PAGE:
IT was a week when the world recoiled in horror and disbelief at heartbreaking events thousands of miles apart. As I was finishing off my column for this week’s National the shocking news came in that Labour MP Jo Cox had been attacked and killed.

Last Sunday more than 300 people were enjoying themselves at a night club in Orlando, Florida when a lone gunman unleashed his hatred via a semi-automatic machine gun and hand gun. Forty-nine people were killed and another fifty-three were left injured before the police shot the gunman dead.

Most of us in Scotland, and even the rest of the world, fail to understand the US obsession with guns. It has been estimated that US civilians own 270 million to 310 million firearms, and that 37 per cent to 42 per cent of the households in the country have at least one gun. The gun lobby claim that having access to weapons allows people to defend themselves, yet in the past year there were 372 mass shootings in the US resulting in 475 deaths and 1,870 people being injured.

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Even if you were to accept the principle of having a gun for self-defence, surely there should be some sort of limit on what type of weapons should be allowed. In Orlando, the killer used a AR-15 semi-automatic machine gun. This is a gun that can fire 45 rounds per minute. It is estimated that 3.3 million such guns were sold in the US in 2012 alone.

Those arguing that restricting gun ownership would make the country a safer place are faced with those who believe it is their right, as stated within the US Constitution, to bear arms and that those firearms are for self-defence, hunting, sporting activities and security against tyranny. Yet on the early hours of Sunday, June 12, no tyrants were killed – just 49 people enjoying themselves at a nightclub. It’s time the US realised that human life is more important that the right to own a gun.

The media barely gave anyone time to grieve or come to terms with what has happened, people were clearly in shock as a microphone was shoved under the mouths and a camera zoomed in on their faces.

Hungry to fill their 24-hour rolling news coverage, the mainstream media was everywhere; interviewing those injured, interviewing those who knew the dead, interviewing the shooter’s family but what was barely mentioned was that it was a gay club which had been targeted for the shooting.

This was more than just another mass shooting, or another terror attack. This was an attack aimed at a specific section of Florida’s community. This was a homophobic attack.

It’s hard to believe that we’re in the 21st century and still people face violence and even death simply on the basis of who they choose to love.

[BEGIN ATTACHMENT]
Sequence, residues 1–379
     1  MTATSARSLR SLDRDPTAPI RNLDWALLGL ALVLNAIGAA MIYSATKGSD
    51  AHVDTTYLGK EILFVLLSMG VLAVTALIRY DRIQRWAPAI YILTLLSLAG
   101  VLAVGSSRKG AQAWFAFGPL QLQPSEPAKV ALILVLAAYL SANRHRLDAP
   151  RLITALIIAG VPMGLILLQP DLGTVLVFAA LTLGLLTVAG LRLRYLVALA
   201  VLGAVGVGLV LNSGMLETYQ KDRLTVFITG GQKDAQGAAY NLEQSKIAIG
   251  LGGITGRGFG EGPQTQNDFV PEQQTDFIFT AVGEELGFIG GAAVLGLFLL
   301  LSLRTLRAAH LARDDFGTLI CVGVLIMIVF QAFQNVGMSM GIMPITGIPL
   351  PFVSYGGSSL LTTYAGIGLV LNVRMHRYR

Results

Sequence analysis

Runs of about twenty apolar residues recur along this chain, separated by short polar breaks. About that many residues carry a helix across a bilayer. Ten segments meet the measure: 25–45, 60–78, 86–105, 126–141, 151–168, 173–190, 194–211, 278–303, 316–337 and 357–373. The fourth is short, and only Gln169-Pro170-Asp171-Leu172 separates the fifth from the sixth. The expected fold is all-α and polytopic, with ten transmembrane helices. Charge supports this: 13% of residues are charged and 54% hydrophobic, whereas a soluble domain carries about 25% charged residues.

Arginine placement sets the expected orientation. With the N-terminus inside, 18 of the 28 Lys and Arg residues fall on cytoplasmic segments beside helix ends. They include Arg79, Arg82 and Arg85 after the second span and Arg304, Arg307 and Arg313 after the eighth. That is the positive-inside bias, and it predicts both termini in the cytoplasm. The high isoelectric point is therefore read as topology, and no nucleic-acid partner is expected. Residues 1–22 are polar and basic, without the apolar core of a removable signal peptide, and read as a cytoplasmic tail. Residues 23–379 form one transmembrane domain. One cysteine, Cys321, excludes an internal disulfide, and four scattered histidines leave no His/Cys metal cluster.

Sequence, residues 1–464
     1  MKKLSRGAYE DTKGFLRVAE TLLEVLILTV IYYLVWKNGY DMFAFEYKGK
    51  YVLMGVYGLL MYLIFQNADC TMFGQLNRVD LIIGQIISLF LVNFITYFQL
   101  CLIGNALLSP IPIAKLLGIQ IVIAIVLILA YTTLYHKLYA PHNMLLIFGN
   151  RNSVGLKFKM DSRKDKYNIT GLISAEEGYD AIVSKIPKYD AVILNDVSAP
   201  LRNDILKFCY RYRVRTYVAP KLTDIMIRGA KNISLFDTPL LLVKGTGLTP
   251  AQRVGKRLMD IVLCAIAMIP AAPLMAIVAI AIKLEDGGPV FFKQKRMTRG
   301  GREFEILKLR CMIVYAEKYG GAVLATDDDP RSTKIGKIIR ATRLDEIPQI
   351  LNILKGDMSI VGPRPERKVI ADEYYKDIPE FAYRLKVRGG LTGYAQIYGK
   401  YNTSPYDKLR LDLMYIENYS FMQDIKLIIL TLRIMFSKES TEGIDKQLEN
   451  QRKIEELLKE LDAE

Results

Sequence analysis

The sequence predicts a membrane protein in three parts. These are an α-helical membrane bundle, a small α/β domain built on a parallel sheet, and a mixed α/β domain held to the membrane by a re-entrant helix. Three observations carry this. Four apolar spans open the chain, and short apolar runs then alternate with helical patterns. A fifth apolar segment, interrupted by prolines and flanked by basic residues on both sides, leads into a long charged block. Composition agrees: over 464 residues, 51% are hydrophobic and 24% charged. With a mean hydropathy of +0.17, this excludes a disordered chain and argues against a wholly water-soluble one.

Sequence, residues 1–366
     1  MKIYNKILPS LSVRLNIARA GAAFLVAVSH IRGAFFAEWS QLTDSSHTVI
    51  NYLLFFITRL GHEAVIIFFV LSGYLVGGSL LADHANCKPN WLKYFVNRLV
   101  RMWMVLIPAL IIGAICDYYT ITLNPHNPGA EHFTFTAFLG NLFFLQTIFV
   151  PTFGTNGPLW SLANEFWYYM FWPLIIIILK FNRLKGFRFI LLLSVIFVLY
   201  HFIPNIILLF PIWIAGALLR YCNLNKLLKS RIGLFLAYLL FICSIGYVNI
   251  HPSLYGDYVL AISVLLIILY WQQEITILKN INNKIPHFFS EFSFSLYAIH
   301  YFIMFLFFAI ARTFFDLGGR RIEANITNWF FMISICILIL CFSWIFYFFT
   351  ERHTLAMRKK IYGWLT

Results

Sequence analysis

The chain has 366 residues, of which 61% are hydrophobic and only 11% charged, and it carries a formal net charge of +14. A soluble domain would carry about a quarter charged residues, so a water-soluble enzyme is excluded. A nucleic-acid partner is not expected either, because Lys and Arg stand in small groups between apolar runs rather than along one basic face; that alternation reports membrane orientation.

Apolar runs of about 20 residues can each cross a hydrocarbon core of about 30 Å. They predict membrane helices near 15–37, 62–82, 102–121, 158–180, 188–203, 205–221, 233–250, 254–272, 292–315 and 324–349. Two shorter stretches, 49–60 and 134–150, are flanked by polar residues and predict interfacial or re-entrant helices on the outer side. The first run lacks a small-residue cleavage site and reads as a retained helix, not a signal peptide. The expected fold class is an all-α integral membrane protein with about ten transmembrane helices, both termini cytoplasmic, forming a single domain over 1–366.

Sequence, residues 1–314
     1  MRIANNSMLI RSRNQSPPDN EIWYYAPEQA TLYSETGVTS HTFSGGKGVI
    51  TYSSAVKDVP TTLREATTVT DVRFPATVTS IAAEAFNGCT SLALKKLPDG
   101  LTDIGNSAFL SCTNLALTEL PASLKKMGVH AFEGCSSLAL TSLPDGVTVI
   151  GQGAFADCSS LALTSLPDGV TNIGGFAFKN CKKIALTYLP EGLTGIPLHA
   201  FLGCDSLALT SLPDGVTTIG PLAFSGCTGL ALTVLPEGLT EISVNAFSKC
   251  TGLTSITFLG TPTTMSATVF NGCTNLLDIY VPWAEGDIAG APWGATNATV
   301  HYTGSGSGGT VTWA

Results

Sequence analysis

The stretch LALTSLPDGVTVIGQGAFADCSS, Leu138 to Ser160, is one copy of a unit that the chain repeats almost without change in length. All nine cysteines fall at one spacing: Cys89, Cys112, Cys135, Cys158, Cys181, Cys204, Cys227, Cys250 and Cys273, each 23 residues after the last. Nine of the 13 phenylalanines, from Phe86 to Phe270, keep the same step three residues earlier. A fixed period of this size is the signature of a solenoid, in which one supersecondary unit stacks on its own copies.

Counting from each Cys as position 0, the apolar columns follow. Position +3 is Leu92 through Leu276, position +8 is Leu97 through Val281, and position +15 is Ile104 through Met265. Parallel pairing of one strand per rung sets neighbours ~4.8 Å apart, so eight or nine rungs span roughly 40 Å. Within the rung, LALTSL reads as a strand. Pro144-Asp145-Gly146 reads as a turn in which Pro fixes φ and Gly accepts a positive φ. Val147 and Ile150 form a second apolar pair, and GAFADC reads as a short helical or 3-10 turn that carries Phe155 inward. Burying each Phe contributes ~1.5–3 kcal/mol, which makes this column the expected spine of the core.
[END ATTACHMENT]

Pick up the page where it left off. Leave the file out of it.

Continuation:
Have we not evolved enough as a species to move away from tribal hatred of communities simply because they are different from what has been perceived as the norm?

The mainstream media were quick to point out that the shooter, although an American citizen, was a Muslim of Afghan descent and apparently called the emergency services to claim his attack was in the name of Isis.

It was no surprise to see the usual right-wing commentators try to turn this horror into a reason to promote their own philosophy of hate. It is also worth noting that these are the same right-wing commentators who have been quick to say: “let’s wait and see... we need to know the facts first... it is only alleged” in response to the reports of eye-witnesses claiming the suspect in the Jo Cox attack shouted “Britain First”.

The Orlando shooter was Muslim so predictably they start to equate the killings with Islam, further fanning the flames of their Islamophobia. An attack on the LGBT community was transformed into an attack on all Muslims by these right-wing commentators.

It’s abhorrent how they can use the actions of one man to demonise an entire community yet if the killer was a white Christian then it would have been treated as a lone madman carrying out the attack.

In contrast the reaction of ordinary people who arranged vigils to show their solidarity with the victims and the LGBT community was moving.

I attended the vigil in London, held outside the Admiral Duncan pub which itself was the scene of a homophobic attack in 1999 which left three people dead and 70 wounded. It was a very moving experience as ordinary people came together not just to grieve but to show that they support the LGBT community.

When looking at the two events which have shocked the world this week it is maybe best to finish by repeating some of the brave and dignified words spoken by Jo Cox’s husband Brendan, who said that Jo “would have wanted two things above all else to happen now, one that our precious children are bathed in love and two, that we all unite to fight against the hatred that killed her. Hate doesn’t have a creed, race or religion, it is poisonous.”

Let’s remember those words and act on them, both for the sake of Jo Cox and for the victims in Orlando – we should all unite in our fight against hatred.